The Cave Singers’ sound takes a bit of getting used to. Lead singer Pete Quirk’s vocals are shaky and shrill, often a tiny bit off-key. The band uses quite cyclical repetitions as their standard, as well as perhaps excessive tambourine licks and vocal wailing. But once you get over these idiosyncracies, you’ll start to realize that you’re really addicted to The Cave Singers' music. Pete Quirk’s voice begins sounding raw and timeless, the cyclical music, wails and tambourines begin sounding like they're part of some old-fashioned, whiskey-filled revival. I’ve fallen hard.
The Cave Singers formed in Seattle in 2007. The three member group combines Pete Quirk, formerly of Hint Hint on melodica, harmonica, vocals and guitar, Marty Lund of Cobra High on drums and guitar, and Derek Fudesco formerly of Pretty Girls Make Graves on guitar and bass. Since their inception, the band has released three full-length albums, including Invitation Songs in 2007, Welcome Joy in 2009 and No Witch in 2011.
The Cave Singers certainly have cultivated a sort of old-fashioned, wild sound popular with Seattle bands as of late. Perhaps in response to polished, calculated and technologically manipulated music, The Cave Singers’ sound seems purposely raw, the percussion particularly pounding, the guitar about to spin out-of-control. The shrieky, pitchy vocals invoke memories of untrained singers away from society, perhaps in cabins in the mountains somewhere. Certainly, the band’s name implies something ancient, music coming from somewhere raw and primal.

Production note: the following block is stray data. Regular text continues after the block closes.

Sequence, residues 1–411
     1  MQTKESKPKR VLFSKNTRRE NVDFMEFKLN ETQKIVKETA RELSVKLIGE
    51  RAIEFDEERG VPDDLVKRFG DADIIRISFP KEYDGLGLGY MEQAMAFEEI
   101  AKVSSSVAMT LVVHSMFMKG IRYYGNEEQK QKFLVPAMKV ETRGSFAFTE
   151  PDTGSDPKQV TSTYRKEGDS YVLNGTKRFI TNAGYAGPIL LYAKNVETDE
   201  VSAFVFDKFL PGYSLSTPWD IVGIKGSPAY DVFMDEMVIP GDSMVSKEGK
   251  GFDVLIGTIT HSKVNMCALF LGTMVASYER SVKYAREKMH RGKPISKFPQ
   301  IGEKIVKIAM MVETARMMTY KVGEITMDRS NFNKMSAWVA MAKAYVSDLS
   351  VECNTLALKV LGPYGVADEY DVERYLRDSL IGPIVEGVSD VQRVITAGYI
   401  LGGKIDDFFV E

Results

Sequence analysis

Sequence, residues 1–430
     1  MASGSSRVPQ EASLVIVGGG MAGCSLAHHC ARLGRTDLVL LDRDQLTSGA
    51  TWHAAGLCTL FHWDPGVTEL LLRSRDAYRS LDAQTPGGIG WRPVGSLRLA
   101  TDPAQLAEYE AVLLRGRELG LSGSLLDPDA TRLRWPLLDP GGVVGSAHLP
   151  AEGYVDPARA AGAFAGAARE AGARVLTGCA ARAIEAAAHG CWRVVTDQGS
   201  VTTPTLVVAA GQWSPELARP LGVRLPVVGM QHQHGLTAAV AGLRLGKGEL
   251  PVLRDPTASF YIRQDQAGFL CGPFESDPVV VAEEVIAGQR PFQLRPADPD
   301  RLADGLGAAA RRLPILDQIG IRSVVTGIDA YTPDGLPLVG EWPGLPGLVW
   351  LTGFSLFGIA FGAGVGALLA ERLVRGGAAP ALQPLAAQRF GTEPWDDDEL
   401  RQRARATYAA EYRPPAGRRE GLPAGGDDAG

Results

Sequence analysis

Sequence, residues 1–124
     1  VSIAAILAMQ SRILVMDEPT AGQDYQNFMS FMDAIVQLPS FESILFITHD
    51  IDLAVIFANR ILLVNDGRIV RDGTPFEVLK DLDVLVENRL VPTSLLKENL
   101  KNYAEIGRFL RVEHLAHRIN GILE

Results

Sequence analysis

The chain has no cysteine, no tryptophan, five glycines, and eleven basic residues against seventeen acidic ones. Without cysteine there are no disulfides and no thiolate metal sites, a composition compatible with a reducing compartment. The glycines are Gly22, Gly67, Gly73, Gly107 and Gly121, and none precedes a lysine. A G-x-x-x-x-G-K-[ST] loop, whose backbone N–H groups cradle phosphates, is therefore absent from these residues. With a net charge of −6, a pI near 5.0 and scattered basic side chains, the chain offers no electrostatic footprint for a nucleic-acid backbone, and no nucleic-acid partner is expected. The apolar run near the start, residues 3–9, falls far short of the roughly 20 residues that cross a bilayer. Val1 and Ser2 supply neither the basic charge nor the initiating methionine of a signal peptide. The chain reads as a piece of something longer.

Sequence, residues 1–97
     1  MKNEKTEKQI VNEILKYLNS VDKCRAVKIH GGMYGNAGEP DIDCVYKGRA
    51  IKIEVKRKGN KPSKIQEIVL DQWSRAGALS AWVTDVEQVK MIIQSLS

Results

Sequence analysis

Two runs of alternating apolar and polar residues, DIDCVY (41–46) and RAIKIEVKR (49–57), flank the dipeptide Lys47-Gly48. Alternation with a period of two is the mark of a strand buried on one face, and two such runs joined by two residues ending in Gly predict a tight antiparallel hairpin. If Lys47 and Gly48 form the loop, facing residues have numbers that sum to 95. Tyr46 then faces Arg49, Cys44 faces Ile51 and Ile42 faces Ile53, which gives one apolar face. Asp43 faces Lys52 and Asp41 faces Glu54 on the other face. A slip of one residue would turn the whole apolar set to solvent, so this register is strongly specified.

My favorite song of theirs is their extremely popular “Seeds of Nights” from their first album. Quirk’s voice is perfect on the cyclical song, as is a persistent bass drum beat that makes the repetitiveness effective. The lyrics are beautiful, including “Oh, I know/ Oh my love this is our town, where gray clouds wander over heaven and ground.” The simplicity of the song is very effective, and it doesn’t seem to try to be too hard to be anything in particular. Aesthetic, direction and perception is forgotten in favor of making a really good song. Take a listen:
The Cave Singers have really become quite famous in the last few years. They’ve toured the United States, Canada and recently played a few shows in Germany, Switzerland and France. I know success like this makes a lot of indie music fans angry. They imagine that the band has sold out, and will completely change its sound for commercial appeal. But as long as The Cave Singers can hold on to their sound, their fame doesn’t seem too threatening. After all, they were pretty famous when they started this thing.